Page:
Special functions (scipy.special)

The main feature of the scipy.special package is the definition of numerous special functions of mathematical physics. Available functions include airy, elliptic, bessel, gamma, beta, hypergeometric, parabolic cylinder, mathieu, spheroidal wave, struve, and kelvin. There are also some low-level stats functions that are not intended for general use as an easier interface to these functions is provided by the stats module. Most of these functions can take array arguments and return array results following the same broadcasting rules as other math functions in Numerical Python. Many of these functions also accept complex numbers as input. For a complete list of the available functions with a one-line description type >>> help(special). Each function also has its own documentation accessible using help. If you don’t see a function you need, consider writing it and contributing it to the library. You can write the function in either C, Fortran, or Python. Look in the source code of the library for examples of each of these kinds of functions.

Bessel functions of real order(jn, jn_zeros)

Bessel functions are a family of solutions to Bessel’s differential equation with real or complex order alpha:

\[x^2 \frac{d^2 y}{dx^2} + x \frac{dy}{dx} + (x^2 - \alpha^2)y = 0\]

Among other uses, these functions arise in wave propagation problems such as the vibrational modes of a thin drum head. Here is an example of a circular drum head anchored at the edge:

>>> from scipy import special
>>> def drumhead_height(n, k, distance, angle, t):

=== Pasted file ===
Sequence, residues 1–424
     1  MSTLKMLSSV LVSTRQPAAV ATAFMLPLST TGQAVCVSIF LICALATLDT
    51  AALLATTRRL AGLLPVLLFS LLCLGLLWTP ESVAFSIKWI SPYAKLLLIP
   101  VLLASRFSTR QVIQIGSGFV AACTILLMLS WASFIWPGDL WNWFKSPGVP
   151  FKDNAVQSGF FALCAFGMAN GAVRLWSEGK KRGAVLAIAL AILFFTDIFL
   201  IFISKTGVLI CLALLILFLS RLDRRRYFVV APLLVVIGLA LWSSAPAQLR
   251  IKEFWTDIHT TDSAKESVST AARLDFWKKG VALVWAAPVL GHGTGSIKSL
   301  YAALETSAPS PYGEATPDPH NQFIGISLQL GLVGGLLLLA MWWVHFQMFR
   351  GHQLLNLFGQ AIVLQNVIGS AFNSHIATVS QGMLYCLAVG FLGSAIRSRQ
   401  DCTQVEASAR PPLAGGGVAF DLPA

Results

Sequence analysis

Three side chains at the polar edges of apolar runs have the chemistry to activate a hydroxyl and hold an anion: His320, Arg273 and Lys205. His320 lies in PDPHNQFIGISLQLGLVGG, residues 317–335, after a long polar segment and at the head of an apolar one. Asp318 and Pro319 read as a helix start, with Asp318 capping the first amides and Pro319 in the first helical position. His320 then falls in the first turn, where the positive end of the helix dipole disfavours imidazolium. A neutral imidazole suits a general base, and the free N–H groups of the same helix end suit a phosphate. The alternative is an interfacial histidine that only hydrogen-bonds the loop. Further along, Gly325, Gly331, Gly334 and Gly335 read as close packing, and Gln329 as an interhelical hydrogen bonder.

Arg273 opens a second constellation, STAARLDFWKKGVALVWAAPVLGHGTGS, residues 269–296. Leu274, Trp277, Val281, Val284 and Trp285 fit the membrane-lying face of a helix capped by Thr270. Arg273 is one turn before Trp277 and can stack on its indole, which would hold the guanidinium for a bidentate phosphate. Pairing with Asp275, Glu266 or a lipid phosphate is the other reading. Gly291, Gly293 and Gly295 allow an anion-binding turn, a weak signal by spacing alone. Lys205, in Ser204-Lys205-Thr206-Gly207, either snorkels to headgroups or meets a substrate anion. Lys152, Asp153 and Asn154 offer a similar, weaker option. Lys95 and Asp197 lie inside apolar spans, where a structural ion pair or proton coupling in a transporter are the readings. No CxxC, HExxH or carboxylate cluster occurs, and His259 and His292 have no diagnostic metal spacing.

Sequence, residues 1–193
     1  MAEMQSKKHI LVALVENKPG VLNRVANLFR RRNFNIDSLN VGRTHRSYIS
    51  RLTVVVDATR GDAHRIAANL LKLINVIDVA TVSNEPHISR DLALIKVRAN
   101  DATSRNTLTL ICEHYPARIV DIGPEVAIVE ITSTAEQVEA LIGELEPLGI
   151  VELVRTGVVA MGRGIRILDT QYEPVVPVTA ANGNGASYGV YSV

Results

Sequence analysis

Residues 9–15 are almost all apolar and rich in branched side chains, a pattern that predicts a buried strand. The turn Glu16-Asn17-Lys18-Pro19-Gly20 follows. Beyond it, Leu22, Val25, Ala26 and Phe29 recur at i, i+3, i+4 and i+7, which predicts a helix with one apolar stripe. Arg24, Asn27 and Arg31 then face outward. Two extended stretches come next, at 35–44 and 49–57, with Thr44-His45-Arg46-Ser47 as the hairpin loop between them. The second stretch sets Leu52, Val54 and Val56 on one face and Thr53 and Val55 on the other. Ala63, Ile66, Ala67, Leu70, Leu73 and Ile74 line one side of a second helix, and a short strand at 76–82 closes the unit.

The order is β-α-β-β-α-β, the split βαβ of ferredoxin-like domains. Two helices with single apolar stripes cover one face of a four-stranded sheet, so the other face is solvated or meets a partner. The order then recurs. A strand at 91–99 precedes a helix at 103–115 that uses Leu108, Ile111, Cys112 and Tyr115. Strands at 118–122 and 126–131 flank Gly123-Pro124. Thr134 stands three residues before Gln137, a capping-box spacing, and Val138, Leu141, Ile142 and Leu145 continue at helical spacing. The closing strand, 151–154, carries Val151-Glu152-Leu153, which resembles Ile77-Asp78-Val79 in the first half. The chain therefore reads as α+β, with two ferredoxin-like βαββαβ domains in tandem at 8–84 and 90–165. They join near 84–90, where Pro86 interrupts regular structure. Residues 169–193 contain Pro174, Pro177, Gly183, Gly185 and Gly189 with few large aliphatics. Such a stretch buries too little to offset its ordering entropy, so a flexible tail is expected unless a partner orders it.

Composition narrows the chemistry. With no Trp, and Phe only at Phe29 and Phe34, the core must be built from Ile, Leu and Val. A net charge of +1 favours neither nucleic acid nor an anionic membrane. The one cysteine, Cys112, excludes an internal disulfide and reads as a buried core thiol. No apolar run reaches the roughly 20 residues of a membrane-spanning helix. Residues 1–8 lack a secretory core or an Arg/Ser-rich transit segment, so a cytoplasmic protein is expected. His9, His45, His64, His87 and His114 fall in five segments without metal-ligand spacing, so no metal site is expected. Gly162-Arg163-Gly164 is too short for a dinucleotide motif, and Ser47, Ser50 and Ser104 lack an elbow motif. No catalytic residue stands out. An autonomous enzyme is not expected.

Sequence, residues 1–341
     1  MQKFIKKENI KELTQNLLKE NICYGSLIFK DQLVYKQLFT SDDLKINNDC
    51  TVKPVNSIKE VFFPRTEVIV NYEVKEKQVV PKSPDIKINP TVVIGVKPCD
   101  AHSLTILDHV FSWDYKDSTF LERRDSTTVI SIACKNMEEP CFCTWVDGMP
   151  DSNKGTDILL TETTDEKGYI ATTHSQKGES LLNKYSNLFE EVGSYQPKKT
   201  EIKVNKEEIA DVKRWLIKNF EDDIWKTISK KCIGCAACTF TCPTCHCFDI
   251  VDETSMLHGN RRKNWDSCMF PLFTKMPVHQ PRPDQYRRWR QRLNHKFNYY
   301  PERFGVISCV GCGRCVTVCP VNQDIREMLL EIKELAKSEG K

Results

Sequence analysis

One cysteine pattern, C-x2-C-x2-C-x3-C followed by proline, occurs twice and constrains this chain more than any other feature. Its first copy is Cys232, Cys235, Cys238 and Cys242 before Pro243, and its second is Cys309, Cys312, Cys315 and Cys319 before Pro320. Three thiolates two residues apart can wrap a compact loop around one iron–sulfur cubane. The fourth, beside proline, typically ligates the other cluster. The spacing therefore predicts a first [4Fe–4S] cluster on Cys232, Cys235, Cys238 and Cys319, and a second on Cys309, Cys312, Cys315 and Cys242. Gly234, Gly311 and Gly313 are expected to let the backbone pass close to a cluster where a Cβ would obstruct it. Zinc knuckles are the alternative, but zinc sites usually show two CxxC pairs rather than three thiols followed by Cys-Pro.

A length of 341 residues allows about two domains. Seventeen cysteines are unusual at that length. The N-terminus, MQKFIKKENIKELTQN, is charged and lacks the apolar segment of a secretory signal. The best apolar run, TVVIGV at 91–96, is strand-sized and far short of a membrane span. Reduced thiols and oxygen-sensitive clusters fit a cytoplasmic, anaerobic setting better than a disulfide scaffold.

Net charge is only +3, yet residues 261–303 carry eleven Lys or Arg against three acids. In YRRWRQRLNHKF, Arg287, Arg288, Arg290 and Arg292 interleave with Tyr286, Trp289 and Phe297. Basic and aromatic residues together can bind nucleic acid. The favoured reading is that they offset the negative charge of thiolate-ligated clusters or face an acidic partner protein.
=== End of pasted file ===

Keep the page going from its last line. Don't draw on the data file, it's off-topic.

...    kth_zero = special.jn_zeros(n, k)[-1]
...    return np.cos(t) * np.cos(n*angle) * special.jn(n, distance*kth_zero)
>>> theta = np.r_[0:2*np.pi:50j]
>>> radius = np.r_[0:1:50j]
>>> x = np.array([r * np.cos(theta) for r in radius])
>>> y = np.array([r * np.sin(theta) for r in radius])
>>> z = np.array([drumhead_height(1, 1, r, theta, 0.5) for r in radius])
>>> import matplotlib.pyplot as plt
>>> from mpl_toolkits.mplot3d import Axes3D
>>> from matplotlib import cm
>>> fig = plt.figure()
>>> ax = Axes3D(fig)
>>> ax.plot_surface(x, y, z, rstride=1, cstride=1, cmap=cm.jet)
>>> ax.set_xlabel('X')
>>> ax.set_ylabel('Y')
>>> ax.set_zlabel('Z')

(Source code)


Cython Bindings for Special Functions (scipy.special.cython_special)

Scipy also offers Cython bindings for scalar, typed versions of many of the functions in special. The following Cython code gives a simple example of how to use these functions:

cimport scipy.special.cython_special as csc

    double x = 1
    double complex z = 1 + 1j
    double si, ci, rgam
    double complex cgam

rgam = csc.gamma(x)